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Cracking the code: Hands-on experience helps students prepare for future careers

A goal of The Coder School is to engage females in the computer science field.

Earlier this year, the New York Times published an article declaring that whether you want to be an empowered worker or an empowered citizen you need to know two codes. The first is the U.S. Constitution. The second is computer coding.

Computer coding has come a long way since IBM made it commercially available in 1954. Simply put, it is the process of telling a computer how to behave. Every line of code is a command written in programming language.

Today, coding classes and coding schools are gaining increasing popularity across the globe and in our own backyards.

Nearly a year ago, Charu Katyal and Kathy Kilo Peterson opened The Coder School in Town & Country. Though there are 28 nationwide, the Town & Country franchise is the first in Missouri.

“It is extremely important to change the mindset that coding is for boys,” general manager and co-owner Katyal said.

According to data released in May by the National Center for Women and Information Technology, 18% of all computer and information science degrees are earned by women, down from 37% in 1985.

While the number of females across medicine, business and law fields has risen significantly, the percentage of women who receive CS degrees is the smallest across all STEM fields, according to the U.S. Department of Education. This is despite the fact that 57% of undergraduate degrees are earned by women.

Following the national average, The Coder School typically has about 80% male enrollment, with the boys making video games and the girls creating online stories during class.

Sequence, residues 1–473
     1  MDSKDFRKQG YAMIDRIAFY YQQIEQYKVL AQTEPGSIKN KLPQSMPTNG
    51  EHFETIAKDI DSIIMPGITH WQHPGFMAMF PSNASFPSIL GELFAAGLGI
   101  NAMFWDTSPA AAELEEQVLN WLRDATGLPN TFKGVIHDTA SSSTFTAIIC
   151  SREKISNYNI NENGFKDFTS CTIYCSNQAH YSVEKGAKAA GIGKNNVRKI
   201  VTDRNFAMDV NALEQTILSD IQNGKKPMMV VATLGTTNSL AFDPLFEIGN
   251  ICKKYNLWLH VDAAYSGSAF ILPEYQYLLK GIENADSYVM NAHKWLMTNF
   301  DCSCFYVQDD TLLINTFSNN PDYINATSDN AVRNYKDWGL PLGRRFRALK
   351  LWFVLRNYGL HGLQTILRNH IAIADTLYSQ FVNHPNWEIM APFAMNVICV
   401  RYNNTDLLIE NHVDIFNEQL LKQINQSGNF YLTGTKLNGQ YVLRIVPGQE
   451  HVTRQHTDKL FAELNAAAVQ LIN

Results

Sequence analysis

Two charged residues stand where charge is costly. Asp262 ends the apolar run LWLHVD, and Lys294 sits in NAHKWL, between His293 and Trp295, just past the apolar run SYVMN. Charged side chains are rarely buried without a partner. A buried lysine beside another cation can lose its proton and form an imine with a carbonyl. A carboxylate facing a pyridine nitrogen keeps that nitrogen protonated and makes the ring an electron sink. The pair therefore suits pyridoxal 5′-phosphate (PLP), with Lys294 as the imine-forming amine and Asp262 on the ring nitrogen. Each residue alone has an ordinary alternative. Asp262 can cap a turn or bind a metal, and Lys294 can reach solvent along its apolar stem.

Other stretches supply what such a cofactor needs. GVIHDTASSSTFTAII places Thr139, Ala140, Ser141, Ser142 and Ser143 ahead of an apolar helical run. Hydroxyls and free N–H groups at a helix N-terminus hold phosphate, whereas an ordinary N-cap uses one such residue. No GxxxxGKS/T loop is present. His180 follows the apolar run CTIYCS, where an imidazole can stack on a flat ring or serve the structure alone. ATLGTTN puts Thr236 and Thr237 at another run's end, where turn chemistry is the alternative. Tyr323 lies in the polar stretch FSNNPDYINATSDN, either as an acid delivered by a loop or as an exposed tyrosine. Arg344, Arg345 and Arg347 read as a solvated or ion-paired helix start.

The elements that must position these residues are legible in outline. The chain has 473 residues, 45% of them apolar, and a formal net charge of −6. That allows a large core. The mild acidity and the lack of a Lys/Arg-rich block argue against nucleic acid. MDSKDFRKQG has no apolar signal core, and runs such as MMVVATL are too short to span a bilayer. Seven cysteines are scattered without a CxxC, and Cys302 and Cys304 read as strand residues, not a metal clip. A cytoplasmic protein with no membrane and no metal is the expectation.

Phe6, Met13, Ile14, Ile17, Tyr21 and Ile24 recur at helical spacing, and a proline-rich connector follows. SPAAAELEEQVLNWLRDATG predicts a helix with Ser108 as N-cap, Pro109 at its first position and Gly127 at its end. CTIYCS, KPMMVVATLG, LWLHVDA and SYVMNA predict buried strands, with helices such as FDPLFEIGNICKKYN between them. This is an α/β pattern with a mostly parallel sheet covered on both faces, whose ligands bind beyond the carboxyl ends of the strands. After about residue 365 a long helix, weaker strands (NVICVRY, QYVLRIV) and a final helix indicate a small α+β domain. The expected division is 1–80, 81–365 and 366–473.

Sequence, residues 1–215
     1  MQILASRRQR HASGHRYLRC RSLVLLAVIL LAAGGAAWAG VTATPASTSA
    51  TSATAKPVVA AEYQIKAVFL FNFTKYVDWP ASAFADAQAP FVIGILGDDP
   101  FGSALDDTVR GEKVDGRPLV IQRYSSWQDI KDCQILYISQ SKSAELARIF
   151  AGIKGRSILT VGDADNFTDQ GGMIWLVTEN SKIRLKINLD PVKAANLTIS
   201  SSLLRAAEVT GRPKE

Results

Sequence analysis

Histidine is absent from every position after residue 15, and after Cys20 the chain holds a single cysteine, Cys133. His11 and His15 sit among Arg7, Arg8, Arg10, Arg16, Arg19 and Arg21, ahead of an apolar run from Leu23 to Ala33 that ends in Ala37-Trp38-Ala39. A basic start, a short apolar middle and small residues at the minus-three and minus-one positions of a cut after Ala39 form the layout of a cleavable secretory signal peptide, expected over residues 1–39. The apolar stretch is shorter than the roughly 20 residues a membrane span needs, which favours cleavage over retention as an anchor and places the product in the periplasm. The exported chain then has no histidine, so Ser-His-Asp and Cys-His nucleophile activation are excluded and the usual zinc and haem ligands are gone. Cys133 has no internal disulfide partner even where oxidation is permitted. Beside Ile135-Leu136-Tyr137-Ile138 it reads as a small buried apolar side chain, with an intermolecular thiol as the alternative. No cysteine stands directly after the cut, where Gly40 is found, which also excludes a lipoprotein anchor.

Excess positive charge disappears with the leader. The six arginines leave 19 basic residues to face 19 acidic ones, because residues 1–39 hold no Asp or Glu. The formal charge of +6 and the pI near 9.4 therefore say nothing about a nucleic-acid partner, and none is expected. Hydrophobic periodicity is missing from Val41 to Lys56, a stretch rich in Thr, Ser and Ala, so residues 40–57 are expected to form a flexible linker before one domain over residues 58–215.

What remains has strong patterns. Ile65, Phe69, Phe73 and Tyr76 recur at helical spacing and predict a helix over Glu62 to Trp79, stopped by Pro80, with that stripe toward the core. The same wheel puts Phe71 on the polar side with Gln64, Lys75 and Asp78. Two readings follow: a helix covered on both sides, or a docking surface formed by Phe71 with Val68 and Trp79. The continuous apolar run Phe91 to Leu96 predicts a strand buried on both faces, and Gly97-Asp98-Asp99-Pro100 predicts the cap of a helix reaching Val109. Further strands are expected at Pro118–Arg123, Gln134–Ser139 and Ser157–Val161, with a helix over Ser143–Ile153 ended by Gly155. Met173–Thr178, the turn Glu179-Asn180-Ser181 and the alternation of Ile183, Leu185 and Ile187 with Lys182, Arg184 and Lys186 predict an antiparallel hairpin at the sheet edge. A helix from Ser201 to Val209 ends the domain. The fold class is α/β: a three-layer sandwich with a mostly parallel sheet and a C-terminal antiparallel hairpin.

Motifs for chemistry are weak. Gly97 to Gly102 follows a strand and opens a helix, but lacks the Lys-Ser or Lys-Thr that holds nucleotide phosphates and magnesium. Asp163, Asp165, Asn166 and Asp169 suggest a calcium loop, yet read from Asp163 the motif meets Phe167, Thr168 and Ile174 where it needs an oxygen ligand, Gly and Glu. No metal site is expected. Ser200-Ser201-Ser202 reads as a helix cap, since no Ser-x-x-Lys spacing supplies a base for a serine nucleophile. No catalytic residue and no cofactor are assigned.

“There is no escaping it. You must embrace technology if you want a career in the future,” Katyal said. “No matter what you choose as a career in life, there are applications of coding in every arena.”

That’s a sentiment shared by Ron and Jennifer Heinz and Erin and Elias Fradelos; the couples own franchise locations of Code Ninjas with much the same goals as Katyal and Kilo.

The Fradeloses opened their Code Ninjas franchise this past spring in Wildwood. Across the Missouri River in St. Charles County, the Heinzes operate a Code Ninjas franchise in O’Fallon.

Heinz has been interested in computer coding since the mid-90s. It’s a passion that has never dwindled. For years, he worked as a software design manager but his goal was to open a school that would teach the basics of computer programming in a fun way.

“It’s hard to get an interest in it if it’s not fun,” he said. Heinz appreciates the way coding segues into academic applications outside of computer science.

“In algebra and geometry, there are x and y coordinates and inputting variables, graphics uses visual art, and by testing hypotheses through trial and error, science applications are used,” he explained.

While there is no age too young to start, the recommended age to introduce coding is around 7. By that age, most kids have a firm grasp of reading and longer attention spans. The internet offers plenty of free online resources to introduce coding, such as Codecademy and Khan Academy but learning in a class of peers offers camaraderie as well as competency.

“Being in a learning center, there is support and you are surrounded by other like-minded kids ready to help build on that competency,” Heinz said.

Soft skills, such as relating to other people, also are developed, Katyal said. Face-to-face interaction “builds a social platform for the geeky, nerdy kids,” she said. That platform also can serve to build future computer instructors.

In fact, with coding skills under their control, tech-savvy kids may be able to write their futures.

“There’s nothing quite like the smile of a child as they look at a blank white screen with the ability to create anything they desire,” Heinz said.

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